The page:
Descriptive and predictive analytics on text data with Big Data and AI

Almost every big company in the world deals with semi-structured and unstructured text data from which they could derive insights in order to make better decisions for their businesses. With the increase in the popularity and use of Big Data and Artificial Intelligence (AI) methods and technologies, many companies are looking for ways to squeeze more juice out of these data sources.


We can find examples in almost all company departments: procurement departments need to analyse contracts to find clauses that could be harmful, finance departments need to analyse invoices to check that everything is in order, customer service departments need to analyse claims, feedback and support forms to improve the customer experience whilst decreasing operational costs, marketing departments need to analyse opinions about their products to improve sales, operations departments need to go through reports of accidents, risks and activities to improve performance, efficiency and health  and safety, HR departments need to scan thousands of CVs in PDF format with diverse structures to find the best candidate for a vacancy (by the way, we actually have a solution for this very issue – the Intelligent People Finder, contact us for more information) – the list could go on and on, but that’s not the point of this blog article!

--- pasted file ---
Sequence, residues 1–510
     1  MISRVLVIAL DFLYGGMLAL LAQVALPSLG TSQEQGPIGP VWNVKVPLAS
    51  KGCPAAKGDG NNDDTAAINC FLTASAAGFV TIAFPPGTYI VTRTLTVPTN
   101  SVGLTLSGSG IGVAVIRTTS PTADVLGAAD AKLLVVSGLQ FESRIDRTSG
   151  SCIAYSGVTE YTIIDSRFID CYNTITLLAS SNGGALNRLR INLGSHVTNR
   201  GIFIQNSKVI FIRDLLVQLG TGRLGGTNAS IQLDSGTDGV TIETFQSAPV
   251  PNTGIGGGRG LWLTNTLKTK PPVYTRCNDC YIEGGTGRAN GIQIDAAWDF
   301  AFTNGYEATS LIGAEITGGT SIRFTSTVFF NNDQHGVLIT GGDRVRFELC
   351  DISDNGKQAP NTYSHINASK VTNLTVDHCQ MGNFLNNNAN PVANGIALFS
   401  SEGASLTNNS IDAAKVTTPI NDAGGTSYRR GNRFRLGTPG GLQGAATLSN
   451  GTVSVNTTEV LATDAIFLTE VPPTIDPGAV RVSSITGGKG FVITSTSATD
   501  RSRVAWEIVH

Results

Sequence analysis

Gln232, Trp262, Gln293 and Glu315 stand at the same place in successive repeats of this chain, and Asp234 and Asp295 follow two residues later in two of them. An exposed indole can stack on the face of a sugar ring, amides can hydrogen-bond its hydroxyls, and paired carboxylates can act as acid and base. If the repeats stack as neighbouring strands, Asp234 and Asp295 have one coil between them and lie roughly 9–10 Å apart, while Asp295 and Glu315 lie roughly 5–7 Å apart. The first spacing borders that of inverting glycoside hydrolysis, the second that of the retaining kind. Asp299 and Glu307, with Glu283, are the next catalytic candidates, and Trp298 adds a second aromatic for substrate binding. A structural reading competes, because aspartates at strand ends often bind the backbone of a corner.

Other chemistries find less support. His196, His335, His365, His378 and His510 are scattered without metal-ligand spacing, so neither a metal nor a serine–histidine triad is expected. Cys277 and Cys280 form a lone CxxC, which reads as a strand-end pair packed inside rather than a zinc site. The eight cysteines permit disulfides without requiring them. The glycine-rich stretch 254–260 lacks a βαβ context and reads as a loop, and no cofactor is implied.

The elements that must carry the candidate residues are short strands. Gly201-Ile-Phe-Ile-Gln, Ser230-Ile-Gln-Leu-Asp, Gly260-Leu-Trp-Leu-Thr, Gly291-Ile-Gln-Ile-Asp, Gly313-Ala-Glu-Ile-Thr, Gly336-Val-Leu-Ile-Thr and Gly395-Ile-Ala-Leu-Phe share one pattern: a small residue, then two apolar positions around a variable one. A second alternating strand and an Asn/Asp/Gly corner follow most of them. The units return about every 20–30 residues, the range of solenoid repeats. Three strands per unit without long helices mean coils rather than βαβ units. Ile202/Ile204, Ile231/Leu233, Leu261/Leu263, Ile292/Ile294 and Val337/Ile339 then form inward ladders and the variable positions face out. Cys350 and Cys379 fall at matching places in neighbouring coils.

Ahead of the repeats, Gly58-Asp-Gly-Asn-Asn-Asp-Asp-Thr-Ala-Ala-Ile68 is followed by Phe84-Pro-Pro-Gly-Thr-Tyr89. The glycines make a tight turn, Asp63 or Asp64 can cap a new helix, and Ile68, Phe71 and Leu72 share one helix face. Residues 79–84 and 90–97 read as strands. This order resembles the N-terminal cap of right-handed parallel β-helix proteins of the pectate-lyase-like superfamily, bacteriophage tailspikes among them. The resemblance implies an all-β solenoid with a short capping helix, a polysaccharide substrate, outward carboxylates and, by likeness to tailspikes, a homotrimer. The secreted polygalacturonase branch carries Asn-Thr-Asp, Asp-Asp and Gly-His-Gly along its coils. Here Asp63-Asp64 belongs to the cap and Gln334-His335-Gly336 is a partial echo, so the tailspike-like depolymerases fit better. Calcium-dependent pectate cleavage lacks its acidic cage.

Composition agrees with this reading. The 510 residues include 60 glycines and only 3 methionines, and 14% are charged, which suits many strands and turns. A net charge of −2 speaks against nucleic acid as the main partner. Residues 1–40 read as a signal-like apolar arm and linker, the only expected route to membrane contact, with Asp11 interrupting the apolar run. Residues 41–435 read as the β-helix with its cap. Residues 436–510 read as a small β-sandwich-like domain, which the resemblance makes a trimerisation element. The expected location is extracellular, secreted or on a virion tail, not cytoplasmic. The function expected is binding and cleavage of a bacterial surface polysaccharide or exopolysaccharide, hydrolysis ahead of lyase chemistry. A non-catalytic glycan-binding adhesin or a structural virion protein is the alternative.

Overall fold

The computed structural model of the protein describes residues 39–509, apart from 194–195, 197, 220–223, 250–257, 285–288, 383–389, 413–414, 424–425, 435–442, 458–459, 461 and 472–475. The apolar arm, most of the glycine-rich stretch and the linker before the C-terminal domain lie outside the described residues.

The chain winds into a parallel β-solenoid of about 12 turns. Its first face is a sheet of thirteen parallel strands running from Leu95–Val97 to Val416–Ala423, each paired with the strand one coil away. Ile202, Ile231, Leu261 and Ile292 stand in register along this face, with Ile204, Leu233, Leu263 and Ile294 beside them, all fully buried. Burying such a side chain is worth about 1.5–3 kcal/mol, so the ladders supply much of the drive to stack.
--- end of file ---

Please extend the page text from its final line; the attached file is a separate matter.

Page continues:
Instead, we’re going to consider one of these examples and look at the end-to-end analytical pipeline that leverages Big Data and AI, specifically Natural Language Processing (NLP) and Machine Learning (ML).  We’ll explain how semi-structured text is parsed and formatted, and how data is stored and managed to enable analytical applications, both descriptive and predictive.